Are you in the process of building a successful company or reaching a personal goal?

If so, then these habits are from you; straight from millennial entrepreneur Nathan D. Harris. Harris serves as CEO and Founder of Ease, a platform project management platform that helps connect freelancers with paying gigs.

After years of working with startups, going through two Silicon Valley accelerators with my tech startup NomadApp.co, and now mentoring at Google Launchpad’s Manos Accelerator, I’ve had the opportunity to study the habits of top performers and successful entrepreneurs.

Harris has a lot in common with the best of them.

Here are some of the best habits that early stage entrepreneurs can implement in their journey, as shared by Harris.

1. Have a Morning Routine

Successful people start their day by stacking victories and build up momentum before working in their “genius zone”. Harris starts every day by listening to some of his favorite podcasts by GaryVee, Lewis Howes, or James Altucher. Uplifting content gets him into the right mindset for the day while going through a morning shower/breakfast/meditation routine.

2. Work on Your Body, Not Just Your Mind

Successful entrepreneurs know that business is a marathon- not a sprint. Keeping your mind and body fit are essential pillars of success. However, many of us justify ignoring our health in favor of performing well at work. Harris suggest we do it differently. While many high performers swear by working out first thing in the morning, he hits the gym right around noon, which gives him enough time in the morning to take care of the most important business matters. He is not alone in this habit. Productivity coach and writer Benjamin P. Hardy recently wrote about his newly adopted habit of working out shortly before noon instead of right in the morning. Execute at your own pace, but keep your body health top of mind.

3. Give Revenue the Priority it Deserves

How you prioritize your tasks is an excellent indicator of how well your business is doing. It’s intuitive: CEO’s that prioritize revenue-generating activities over operations-related activities make more money than those who do not. Yet, many entrepreneurs put sales off until it becomes inevitable. Harris spends the first hour of every day invoicing, prospecting, selling or working on other revenue-generating activities. As I always say, “Business is simple; you just have to make more money than you spend.”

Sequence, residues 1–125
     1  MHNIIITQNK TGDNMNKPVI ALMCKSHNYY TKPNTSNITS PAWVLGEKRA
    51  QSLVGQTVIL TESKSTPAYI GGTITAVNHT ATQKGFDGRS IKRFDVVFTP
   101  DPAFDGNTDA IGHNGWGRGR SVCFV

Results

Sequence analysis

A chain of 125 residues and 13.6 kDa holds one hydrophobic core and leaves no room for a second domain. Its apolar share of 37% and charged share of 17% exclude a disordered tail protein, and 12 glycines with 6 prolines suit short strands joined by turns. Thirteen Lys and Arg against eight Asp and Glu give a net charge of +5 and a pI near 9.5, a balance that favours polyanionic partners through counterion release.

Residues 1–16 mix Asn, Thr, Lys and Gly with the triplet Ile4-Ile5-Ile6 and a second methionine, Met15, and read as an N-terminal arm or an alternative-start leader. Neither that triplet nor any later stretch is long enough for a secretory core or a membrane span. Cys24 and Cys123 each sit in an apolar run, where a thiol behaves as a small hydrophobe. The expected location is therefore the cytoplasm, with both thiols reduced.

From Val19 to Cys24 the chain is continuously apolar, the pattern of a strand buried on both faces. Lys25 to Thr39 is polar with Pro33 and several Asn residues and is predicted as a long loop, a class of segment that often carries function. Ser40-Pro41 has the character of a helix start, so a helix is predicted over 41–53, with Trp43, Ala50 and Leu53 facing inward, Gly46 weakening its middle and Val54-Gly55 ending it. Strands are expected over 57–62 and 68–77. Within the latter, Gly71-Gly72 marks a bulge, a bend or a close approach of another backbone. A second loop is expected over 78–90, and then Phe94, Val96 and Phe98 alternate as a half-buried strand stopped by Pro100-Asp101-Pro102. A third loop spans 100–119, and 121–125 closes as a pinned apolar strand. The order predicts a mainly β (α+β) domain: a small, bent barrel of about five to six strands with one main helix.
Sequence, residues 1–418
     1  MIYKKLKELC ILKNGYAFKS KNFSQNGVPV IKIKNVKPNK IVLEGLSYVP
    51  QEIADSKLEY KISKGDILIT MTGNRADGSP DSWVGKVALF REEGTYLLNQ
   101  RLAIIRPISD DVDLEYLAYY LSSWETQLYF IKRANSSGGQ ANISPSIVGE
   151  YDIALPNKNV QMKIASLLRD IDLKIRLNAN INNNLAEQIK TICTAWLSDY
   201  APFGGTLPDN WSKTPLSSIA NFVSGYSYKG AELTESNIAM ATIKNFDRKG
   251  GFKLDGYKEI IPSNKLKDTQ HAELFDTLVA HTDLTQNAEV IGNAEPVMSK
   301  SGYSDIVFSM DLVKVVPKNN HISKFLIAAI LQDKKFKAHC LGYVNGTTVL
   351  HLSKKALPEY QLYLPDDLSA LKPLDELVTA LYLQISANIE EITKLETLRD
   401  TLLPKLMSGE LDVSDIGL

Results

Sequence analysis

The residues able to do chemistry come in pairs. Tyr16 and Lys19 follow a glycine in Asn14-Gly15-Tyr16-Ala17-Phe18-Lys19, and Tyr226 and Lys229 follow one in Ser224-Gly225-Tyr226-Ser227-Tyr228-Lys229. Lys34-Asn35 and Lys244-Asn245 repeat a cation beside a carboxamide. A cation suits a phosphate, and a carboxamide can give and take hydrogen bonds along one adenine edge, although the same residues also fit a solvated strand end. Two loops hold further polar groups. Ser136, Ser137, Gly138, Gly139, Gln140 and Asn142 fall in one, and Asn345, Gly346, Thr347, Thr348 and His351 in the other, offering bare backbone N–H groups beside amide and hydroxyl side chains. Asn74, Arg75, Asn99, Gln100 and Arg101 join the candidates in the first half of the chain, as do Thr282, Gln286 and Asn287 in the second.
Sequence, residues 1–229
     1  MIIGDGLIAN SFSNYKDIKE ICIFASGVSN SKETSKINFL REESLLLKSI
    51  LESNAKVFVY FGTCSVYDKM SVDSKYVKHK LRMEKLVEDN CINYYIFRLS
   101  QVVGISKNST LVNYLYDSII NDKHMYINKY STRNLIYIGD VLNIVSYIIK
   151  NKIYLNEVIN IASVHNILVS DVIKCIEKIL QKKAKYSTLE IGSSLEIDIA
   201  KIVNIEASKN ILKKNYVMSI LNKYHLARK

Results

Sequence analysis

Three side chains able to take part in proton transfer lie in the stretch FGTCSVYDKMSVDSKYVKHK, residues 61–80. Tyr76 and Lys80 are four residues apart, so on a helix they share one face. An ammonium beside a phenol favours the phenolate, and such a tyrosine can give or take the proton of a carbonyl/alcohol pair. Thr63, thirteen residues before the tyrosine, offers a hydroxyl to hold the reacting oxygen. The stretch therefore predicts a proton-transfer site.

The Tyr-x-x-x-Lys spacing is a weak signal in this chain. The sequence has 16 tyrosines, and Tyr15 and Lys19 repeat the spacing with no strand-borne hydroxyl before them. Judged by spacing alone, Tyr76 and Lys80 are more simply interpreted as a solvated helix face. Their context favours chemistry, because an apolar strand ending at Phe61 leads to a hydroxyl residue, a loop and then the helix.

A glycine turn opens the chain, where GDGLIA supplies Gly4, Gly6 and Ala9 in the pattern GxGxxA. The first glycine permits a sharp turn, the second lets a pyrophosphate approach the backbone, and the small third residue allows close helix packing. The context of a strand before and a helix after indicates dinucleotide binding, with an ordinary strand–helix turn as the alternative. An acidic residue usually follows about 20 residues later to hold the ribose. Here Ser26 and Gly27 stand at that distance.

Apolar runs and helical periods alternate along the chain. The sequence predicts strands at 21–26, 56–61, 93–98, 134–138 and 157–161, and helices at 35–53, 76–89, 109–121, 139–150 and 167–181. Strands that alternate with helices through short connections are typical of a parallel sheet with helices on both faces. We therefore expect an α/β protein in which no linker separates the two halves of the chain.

4. Intimacy Matters

As a founder, you have to learn how to delegate activities in order to stretch to new opportunities. Harris is no different. At Ease, Slack and email messages abound, but Harris is biased towards being more personable especially by sending video messages when possible. As a bonus side effect, this can save lots of time avoiding “perfection paralysis” before sending out an email. Harris explains, “I send video messages whenever I can instead of typing. It’s a lot faster to just record my thoughts than writing them, plus people get a lot more context around what is being said.” Additionally, this strategy has also been implemented in our social media efforts, showcasing the entrepreneurs behind the brand as often as possible.

5. Talk to Your Loved Ones

“I grew up with a single mom who gave everything for my brother and I to get to where we are in life. She is an incredibly hard worker and a true motivation for me. I learned a lot about loyalty from her and my brother. We are very close.”, Nathan D. Harris explains. Entrepreneurship is hard – don’t try to do it on your own. Seek help and support from loved ones. Neglecting relationships is a common trait among entrepreneurs. In the end, this just drains energy instead of carving out more work time.

Entrepreneurs, make time for your loved ones, it pays off.

Whether you’re 20 years or 20 minutes into your entrepreneurial journey, there is a lot to learn from the path and dedication of rising stars in the current startup ecosystem.

If you resonated with Harris’s lessons for success, feel free to keep track of the Ease story here, hear him speak and host at “The Summit” during Wisconsin’s Startup Week, or connect via Facebook.